Travel that provides ‘connections’ will replace regular business travel as workers spread across the United States, but graduates may be left behind, experts say.


  • Businesses are cutting back on business travel and laying off employees.
  • Young workers who are most eager to travel are likely to miss the opportunity to travel alongside work.
  • The new style of travel will focus on “human relationships” and less on work, experts say.

The focus is fast on the “new normal” as major companies permanently reshape how they do business, with a fluid workforce and high costs fostering unprecedented flexibility.

Airbnb is giving its employees the choice of where to work in a place that is increasingly moving from a fixed job. Meanwhile, consulting firms like BCG and McKinsey are focusing on other perks to retain their employees.

Now companies are wondering how to maintain bonds between employees and increase incentives, especially for younger employees.

Some companies are reluctant to go back to old travel habits.

Travel continues to be uncertain due to the impact of the pandemic. According to data from the Bureau of Transportation StatisticsTotal passenger rides in January 2022 were 19% lower than January 2020 fares. However, relaxed restrictions and vacation bookings assisting leisure recoveryBusiness trips turned out to be more stubborn.

all study According to Deloitte, pre-pandemic travel rates remain elusive, especially for industries that have successfully transitioned to a telecommuting model. By 2023, spending is projected to be only 55% of its pre-pandemic rate. Jason Greaves, brand leader at recruiting firm Manpower, said the company was reluctant to bring employees back to work because of the money they spent on upgrading their telecommuting capabilities.

The percentage of jobs that require travel on the website stood at 8.5% in April and 7.7% in February 2020, despite data from job site Indeed suggesting that travel is higher than before the pandemic. — Nick Bunker, Indeed North America Research Director, this isn’t because more companies are offering it, he told Insider. Instead, it takes a long time to return to a job that does not require a business trip.

‘High value’ travel means young workers can lose.

Deloitte’s transportation, hospitality and hospitality leader Mike Daher told Insider that “companies where telecommuting dominates” (those who spend less than three days a week in the office) are about half as likely to travel again. Said. Spend more time in the office.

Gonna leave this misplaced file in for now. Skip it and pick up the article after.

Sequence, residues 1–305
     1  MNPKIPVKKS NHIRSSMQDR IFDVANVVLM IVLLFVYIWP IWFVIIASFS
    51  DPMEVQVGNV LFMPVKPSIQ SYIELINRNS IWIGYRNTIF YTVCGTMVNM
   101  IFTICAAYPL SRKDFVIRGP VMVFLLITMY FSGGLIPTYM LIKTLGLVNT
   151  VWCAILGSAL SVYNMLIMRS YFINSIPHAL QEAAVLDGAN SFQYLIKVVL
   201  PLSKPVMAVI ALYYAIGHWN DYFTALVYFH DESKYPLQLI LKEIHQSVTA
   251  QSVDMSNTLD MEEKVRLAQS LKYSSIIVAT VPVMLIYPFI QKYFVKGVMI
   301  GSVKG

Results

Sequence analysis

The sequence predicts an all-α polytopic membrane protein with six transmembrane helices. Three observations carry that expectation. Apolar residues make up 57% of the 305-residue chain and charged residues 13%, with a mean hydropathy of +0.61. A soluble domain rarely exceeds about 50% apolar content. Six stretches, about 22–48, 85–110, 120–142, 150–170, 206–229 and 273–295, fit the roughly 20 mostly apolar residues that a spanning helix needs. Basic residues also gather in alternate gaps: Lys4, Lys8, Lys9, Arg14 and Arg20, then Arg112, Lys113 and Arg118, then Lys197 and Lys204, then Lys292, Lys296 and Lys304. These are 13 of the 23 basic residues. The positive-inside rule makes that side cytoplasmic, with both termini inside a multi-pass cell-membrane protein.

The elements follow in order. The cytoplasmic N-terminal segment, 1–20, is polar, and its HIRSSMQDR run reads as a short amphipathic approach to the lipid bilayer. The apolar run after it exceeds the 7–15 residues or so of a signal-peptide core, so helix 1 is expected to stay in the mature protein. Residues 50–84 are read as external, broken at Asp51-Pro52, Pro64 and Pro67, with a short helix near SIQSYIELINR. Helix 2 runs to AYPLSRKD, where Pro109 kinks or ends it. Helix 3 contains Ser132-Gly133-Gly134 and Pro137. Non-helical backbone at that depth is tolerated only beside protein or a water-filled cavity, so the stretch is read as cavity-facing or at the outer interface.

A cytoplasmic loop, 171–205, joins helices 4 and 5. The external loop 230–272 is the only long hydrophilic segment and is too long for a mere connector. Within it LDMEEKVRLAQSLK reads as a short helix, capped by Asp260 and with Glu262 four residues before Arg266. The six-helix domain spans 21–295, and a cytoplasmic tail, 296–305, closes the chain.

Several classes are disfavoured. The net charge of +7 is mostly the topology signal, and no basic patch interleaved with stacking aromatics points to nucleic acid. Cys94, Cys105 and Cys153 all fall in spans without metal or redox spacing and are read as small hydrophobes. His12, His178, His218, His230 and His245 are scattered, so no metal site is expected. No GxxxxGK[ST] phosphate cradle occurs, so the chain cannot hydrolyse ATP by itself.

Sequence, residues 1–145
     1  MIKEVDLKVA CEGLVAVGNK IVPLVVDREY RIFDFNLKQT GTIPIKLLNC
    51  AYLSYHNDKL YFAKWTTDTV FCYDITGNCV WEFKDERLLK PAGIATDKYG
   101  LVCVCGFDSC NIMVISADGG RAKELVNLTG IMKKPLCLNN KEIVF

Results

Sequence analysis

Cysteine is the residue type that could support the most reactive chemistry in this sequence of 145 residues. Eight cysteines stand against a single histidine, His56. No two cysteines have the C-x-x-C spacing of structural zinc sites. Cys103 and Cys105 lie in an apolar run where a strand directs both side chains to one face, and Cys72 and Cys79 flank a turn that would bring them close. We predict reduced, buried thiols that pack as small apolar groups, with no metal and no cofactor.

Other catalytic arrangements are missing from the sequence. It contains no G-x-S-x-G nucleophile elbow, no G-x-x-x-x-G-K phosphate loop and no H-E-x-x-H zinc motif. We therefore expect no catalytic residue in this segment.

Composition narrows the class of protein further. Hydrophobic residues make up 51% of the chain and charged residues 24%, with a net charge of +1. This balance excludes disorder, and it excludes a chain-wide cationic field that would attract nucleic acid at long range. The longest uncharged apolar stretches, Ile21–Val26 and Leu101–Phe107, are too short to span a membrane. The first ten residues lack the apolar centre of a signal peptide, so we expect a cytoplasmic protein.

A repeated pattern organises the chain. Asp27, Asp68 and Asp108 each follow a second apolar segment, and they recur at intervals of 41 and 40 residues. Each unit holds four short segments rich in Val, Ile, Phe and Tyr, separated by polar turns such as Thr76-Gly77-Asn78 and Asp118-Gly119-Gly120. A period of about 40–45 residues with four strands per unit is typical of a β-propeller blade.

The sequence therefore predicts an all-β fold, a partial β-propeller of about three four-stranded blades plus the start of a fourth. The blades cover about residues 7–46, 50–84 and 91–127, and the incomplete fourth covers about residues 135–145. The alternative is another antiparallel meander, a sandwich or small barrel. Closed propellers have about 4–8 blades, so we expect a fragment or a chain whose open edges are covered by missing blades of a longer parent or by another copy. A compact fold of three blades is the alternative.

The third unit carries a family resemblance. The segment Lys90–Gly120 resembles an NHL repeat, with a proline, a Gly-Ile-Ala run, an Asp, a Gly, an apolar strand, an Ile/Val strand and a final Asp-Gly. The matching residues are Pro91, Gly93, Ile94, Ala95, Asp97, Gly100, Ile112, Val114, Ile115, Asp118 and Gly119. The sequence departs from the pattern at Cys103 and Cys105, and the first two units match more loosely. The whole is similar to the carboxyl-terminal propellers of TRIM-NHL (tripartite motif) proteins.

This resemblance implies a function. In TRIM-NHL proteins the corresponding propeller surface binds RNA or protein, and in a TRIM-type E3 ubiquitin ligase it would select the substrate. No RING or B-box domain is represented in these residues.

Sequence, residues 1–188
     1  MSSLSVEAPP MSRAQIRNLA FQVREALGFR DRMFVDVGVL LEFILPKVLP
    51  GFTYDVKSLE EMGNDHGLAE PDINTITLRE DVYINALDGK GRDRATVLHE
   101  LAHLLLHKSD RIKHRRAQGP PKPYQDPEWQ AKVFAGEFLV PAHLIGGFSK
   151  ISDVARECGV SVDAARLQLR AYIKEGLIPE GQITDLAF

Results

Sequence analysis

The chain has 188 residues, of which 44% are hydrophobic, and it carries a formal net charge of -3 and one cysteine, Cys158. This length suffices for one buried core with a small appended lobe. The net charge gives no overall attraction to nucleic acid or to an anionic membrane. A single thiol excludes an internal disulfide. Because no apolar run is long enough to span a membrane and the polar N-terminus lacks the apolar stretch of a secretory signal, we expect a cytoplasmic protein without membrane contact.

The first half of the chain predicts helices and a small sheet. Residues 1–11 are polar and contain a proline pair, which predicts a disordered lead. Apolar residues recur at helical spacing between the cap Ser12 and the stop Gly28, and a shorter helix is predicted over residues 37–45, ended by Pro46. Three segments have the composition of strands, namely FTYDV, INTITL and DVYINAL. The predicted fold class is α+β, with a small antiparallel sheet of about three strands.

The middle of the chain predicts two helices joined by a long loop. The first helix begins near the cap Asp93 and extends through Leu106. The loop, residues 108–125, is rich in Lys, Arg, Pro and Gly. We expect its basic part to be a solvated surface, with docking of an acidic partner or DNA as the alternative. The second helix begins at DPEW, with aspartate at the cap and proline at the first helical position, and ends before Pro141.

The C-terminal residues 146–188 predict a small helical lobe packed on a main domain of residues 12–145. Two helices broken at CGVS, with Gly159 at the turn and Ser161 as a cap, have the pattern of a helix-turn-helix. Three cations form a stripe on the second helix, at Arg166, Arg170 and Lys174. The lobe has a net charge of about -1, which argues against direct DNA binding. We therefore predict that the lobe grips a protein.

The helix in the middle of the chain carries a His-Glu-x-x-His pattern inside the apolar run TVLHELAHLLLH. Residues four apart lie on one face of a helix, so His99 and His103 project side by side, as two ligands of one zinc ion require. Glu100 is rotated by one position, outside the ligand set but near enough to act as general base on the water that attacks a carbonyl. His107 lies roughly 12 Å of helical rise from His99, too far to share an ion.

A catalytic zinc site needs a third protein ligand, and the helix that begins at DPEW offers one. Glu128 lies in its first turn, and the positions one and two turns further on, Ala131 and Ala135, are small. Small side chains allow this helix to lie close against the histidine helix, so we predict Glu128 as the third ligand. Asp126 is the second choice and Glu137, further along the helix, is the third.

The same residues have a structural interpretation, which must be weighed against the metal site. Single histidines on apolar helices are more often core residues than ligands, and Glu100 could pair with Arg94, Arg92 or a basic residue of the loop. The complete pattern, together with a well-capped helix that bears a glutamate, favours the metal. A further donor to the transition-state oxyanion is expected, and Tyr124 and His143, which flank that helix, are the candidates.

Daher said he expected business travel to eventually recover, but said that what employers calculate for the value they place on such travel will change forever.

Daher said he would place a higher value on meetings that typically involve more senior staff.

He said calculations indicate that travel for younger employees, such as training and leadership meetings, is likely to seem unnecessary.

“I think companies are re-imagining ways to bring people together in ways that are very valuable and not just on a daily trip,” Daher said. “I don’t think routine travel meetings matter.”

These young workers are usually passionate about travelAnd Daher said the high rate of labor turnover facing retirement means that businesses may have to sacrifice a little extra to get them to join and retain.

“Businesses are understanding that they need to bring more short-term colleagues together for connectivity,” he said.

Finding ‘Human Relationships’ with a Spare Budget

These connections fuel optimism that business travel will return, but in a different way. Avi Meir, CEO of TravelPerk, a business travel unicorn valued at $1.3 billion in March, said customer travel continues to grow.

In an interview with Insider, he said this business customer had 13% more bookings than before the pandemic. In fact, he said under-35 made up 46% of travel bookings.

He argued that the definition of business trip has changed. That’s because tech clients, whose employees are scattered across the region, don’t come to the office often to “connect” and bond-strengthening campaigns.

Meier said customers’ reduced office budgets have freed up space to spend more on these trips and there is a need to encourage young, in-demand employees to stay.

“Business travel is a clear human need. I know people need these kinds of relationships,” Meier said.

He hopes that this desire for “human connections” can overcome other obstacles.

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